Berkshire County, MA: history, population, rivers, lakes, mountains, resorts, hotels, motels, inns, and landmarks.
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Berkshire County, Massachusetts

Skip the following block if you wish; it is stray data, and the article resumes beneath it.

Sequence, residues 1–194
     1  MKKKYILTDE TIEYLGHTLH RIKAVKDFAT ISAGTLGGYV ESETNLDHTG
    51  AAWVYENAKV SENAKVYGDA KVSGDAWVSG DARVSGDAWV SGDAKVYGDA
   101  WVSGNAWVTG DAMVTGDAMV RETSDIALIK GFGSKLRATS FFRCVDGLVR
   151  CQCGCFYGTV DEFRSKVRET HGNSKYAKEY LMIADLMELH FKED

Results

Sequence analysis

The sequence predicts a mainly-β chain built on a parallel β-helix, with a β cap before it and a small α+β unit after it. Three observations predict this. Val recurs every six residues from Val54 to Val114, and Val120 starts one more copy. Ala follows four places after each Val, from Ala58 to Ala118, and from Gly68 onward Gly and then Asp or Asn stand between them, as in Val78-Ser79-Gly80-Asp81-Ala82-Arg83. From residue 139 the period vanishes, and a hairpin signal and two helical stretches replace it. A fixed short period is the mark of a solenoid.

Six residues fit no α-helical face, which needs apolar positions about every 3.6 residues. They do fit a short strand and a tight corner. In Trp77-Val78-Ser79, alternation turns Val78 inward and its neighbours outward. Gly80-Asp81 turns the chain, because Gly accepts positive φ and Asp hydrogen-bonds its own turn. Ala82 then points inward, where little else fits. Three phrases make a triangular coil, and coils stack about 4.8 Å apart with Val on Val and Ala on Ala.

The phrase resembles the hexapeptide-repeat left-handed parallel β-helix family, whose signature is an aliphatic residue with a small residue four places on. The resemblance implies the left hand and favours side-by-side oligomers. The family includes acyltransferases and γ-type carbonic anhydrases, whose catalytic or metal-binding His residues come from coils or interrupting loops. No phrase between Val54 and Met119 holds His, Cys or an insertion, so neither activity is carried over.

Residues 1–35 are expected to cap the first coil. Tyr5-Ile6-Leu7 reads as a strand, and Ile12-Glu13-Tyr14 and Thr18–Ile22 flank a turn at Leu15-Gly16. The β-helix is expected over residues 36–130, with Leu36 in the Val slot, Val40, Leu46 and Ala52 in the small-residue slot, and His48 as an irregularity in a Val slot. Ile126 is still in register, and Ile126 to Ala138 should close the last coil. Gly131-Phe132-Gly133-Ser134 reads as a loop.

Lenox is the chief town. This county was incorporated in 1776. Population, 1820, 35,666; 1830, 37,825, and in 1837, 39,101; area, 860 square miles. Bounded N. by Bennington county, Vt., W. by Rensselaer and Columbia counties, N.Y., S. by Litchfield county, Ct., and E. by Franklin, Hampshire and Hampden counties. This county is rough and hilly in many parts, but it affords considerable very fine land, and produces much wool, all sorts of grain, and exports great quantities of beef, pork, butter, &c. The number of sheep in this county in 1837 was 136,962. Berkshire is the most elevated county in the state. The Green and Taughkannic [Taconic] Mountains cross it from N. to S.; the average height of which is about 1,200 feet above the level of the sea. The Housatonick and Hoosick are its chief rivers. The former empties into Long Island Sound; the latter into the Hudson: 29 towns; 45 inhabitants to a square mile. "This county possesses, in rich and inexhaustible abundance, three of the most important articles of commerce of the world, Iron, Marble and Lime, and its woods and water power are fully sufficient to enable it to fit them for the purposes of life." The tonnage of this county to its marts of trade, principally on the Hudson, amounted, in 1834, to no less than 34,075 tons. At the present time it probably exceeds 40,000 tons. The enterprize of a railroad from Boston to Albany will soon be accomplished, and cannot fail of being exceedingly beneficial, not only to this county but to the commonwealth at large.


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